Problems in Food Analysis - Iodine

Iodine in soils is very variable - there are many areas of the world where there is so little that residents get goitre. As a result, most countries require that table salt be supplemented with iodine. However, most do not require that foods such as cheeses be processed with iodized salt, nor that animals destined to be slaughtered for meat have iodine added to their food or salt blocks.

The result can be seen at the two food nutrient data banks that list iodine content of foods - variances by factors of up to ten even for unprocessed foods. For example, the average for unprocessed tree/shrub fruits at the Finnish National Public Health Institute Nutrition Unit (Fineli) Food Composition Database is 0.88 µg/100 g; at the Danish Institute for Food and Veterinary Research (DIFVR) Food Composition Databank it's 0.55 So for iodine, it is unrealistic to rely on individual food analyses except for natural seafoods, instead one must use averages over food groups. And, foods that have salt added during processing must be separated into those that use iodized salt or sea salt, and those that use purified salt. For example, cheeses prepared with iodized salt have iodine concentrations that average 45 µg iodine per 100 g of cheese, whereas those that use purified salt average 7 µg. Salted pork (ham) and fish will be just as variable.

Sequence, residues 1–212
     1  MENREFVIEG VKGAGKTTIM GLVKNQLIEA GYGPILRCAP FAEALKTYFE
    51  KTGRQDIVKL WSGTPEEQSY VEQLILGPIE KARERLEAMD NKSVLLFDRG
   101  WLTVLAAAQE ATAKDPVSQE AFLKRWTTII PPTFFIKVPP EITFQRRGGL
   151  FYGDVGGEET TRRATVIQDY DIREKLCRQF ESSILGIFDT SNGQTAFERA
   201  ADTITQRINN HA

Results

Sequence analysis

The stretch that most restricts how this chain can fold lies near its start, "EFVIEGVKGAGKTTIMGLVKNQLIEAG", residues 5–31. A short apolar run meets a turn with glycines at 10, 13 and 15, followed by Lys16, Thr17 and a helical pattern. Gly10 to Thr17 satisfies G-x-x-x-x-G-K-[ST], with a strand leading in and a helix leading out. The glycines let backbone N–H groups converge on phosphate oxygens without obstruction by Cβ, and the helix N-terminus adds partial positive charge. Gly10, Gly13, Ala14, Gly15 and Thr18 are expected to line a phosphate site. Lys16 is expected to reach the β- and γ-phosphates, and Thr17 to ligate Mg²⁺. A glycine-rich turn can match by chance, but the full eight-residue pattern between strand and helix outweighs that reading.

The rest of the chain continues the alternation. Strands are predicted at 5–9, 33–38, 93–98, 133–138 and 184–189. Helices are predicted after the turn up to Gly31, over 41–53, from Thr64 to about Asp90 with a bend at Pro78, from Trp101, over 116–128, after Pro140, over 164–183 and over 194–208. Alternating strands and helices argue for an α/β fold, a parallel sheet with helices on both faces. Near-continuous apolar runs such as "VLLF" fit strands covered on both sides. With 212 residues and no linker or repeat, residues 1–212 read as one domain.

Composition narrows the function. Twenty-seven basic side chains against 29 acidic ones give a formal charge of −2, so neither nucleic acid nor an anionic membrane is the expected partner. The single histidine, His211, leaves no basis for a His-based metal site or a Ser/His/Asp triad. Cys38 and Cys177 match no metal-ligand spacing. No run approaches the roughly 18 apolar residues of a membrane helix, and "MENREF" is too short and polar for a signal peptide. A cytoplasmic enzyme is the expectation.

I currently use and recommend the following averages, based upon Fineli and DIFVR data:

purified foods e.g. sugar0
tree/shrub fruit0.7 µg/100 g
dried fruits2.5
cheese (pure salt)7.5
cheese (iodized salt)45

John Sankey
other notes on nutrition